When Playboy was establishing itself, most men’s magazines, as revealed in The History of Men’s Magazines, Vol. 2, were still heavy with adventure (war, gunfights, outlawry, cannibalism, man-versus-beast encounters, lots of Nazis). Women, if present, tended to be either damsels in distress (rescue fantasies loom large) or vamps—or else they were mere cheesecake intermissions, like Helen Petroff in the July 1956 Man’s Life, situated as she and her bikini and her stuffed tiger are between “Attacked by a Giant Boa” and “25 Best Fishing Spots.” This class of magazine advertised everything from rifles, knives, fishing tackle, trusses, accordions, and high-paying jobs in meat cutting to Charles Atlas body-building regimens and careers in accounting and real-estate brokering (the March 1958 See even has an article on how to ask for a raise), all of which suggests a readership that ranged from Sam the butcher to Walter Mitty.
Playboy, exhibiting little interest in “Jim Bowie’s Big Knife” (Argosy, August 1956), instead gathered the ladies and set a tone of cheerfully mixed company and sleek cosmopolitanism. The April 1962 issue, for example, has a classic photo essay showing handsome couples out and about in Paris, part of which is reproduced in The Playboy Book: Fifty Years, a gorgeous sampling of illustrations, covers, candids, travel photos, and concept photography as well as the requisite figure studies. It’s an intoxicating collection—provoking no small amount of loopy nostalgia. But that’s all part of its charm. There may be poignancy in Hefner’s bourgeois midwestern dream of the luxe life; witness the stilted grooviness of the old Playboy’s Penthouse TV show, now available on DVD under the blanket title Playboy After Dark, in which Hef, a polite young man turned psychology major, does his best impression of a tuxedoed hipster-host. But is this any more quaintly touching than Plimpton and company’s Ivy-abroad, shabby-chic attempt to relive the Lost Generation? At least Hefner, against all odds (many, many odds), seems to be held in high regard by just about every woman who ever knew him, including ex-wives and ex-girlfriends and all manner of coworker. The Playmate Book has an air of lighthearted reunion, only so much of which can be manufactured. Many of the former centerfolds have submitted biographical updates and family photos, and over the years have returned to the mansion on occasion to see old acquaintances and even pose for reunion pictorials—sometimes decades after their initial appearance, and looking better than ever. (This bonhomie is borne out in testimonial after testimonial in the documentary Hugh Hefner: American Playboy. Yes, it’s an obvious brief for the defense. But still, no one’s forcing first wife, Mildred, or ex-girlfriend Barbi Benton to recall fondly the man who cheated on them prodigiously.) Compare all that with what Patsy Matthiessen, the ex-wife of one of the Paris Review founders, said to Talese about that milieu:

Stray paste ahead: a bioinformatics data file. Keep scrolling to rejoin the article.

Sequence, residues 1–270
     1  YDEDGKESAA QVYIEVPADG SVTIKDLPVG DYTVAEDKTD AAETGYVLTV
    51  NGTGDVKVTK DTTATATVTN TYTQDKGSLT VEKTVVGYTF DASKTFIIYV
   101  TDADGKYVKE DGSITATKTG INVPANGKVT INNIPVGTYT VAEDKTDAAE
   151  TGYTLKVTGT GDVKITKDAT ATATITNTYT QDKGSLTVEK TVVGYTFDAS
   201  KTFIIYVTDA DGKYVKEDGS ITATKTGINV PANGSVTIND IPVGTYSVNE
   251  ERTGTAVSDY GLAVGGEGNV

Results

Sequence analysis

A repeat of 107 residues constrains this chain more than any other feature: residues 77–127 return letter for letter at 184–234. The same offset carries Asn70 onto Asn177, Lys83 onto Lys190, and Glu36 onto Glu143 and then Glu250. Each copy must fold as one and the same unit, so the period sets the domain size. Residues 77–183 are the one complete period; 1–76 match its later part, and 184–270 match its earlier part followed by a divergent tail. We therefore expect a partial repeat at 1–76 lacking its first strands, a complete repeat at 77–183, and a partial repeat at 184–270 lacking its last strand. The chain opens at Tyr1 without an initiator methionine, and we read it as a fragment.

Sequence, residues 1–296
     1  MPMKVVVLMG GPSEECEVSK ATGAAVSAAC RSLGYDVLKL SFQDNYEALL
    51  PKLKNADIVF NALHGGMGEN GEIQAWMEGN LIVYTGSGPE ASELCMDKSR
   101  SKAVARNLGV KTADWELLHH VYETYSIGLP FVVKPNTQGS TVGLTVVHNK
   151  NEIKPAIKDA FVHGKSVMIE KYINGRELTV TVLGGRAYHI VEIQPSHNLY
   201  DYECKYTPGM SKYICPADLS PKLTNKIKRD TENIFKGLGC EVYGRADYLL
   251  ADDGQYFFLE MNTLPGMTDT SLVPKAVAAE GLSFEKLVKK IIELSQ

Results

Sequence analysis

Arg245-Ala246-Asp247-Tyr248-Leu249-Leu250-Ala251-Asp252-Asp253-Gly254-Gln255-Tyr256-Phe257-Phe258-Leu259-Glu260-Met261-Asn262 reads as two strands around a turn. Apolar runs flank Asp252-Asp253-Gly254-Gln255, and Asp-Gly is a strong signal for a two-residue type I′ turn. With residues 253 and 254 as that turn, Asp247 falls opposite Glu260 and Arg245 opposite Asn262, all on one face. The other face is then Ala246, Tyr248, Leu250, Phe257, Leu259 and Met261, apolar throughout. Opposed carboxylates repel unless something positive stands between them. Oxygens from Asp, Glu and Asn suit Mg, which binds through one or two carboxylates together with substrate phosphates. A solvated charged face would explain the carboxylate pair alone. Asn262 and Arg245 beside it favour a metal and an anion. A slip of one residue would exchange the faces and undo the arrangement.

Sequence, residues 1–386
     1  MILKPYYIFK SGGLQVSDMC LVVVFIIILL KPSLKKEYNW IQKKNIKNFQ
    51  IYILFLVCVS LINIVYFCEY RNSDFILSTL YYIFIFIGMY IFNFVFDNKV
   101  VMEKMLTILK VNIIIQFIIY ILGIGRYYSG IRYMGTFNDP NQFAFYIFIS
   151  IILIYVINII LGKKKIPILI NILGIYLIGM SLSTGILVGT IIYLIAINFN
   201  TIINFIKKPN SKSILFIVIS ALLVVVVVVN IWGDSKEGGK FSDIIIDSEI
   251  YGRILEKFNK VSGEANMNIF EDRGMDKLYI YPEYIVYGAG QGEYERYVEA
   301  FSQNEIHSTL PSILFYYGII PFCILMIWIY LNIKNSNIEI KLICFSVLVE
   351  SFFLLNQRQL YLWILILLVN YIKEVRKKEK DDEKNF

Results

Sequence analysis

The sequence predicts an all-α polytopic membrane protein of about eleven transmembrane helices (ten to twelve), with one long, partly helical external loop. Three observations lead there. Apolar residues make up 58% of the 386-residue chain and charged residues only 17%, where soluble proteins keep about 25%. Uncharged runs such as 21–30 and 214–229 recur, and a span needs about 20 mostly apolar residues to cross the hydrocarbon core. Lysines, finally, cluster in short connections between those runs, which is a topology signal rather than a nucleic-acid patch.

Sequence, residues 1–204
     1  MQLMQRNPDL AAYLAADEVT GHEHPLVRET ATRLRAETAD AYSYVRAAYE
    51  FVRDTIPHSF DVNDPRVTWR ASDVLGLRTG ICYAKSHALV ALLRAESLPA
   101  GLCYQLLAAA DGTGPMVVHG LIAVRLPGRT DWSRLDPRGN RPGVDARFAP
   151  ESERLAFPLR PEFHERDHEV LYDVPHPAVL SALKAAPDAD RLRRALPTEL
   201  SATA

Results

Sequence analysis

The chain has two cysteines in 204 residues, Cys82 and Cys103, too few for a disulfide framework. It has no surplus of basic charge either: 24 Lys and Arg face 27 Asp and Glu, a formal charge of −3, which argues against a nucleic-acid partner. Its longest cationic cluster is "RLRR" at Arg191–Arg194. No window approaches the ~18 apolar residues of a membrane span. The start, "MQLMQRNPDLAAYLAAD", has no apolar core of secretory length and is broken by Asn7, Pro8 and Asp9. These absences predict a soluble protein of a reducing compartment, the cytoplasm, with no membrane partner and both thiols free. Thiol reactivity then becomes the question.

The whole life seemed after a while to be utterly meaningless … And there was something very manqué about them—this going to West Africa, and getting thrown in jail, and getting in the ring with Archie Moore … And I was a Stepin Fetchit in that crowd, getting them tea at four, and sandwiches at ten.
One might argue that the average Playboy belle isn’t sophisticated enough to register such pique, but that would seem only to make Matthiessen’s treatment the worse.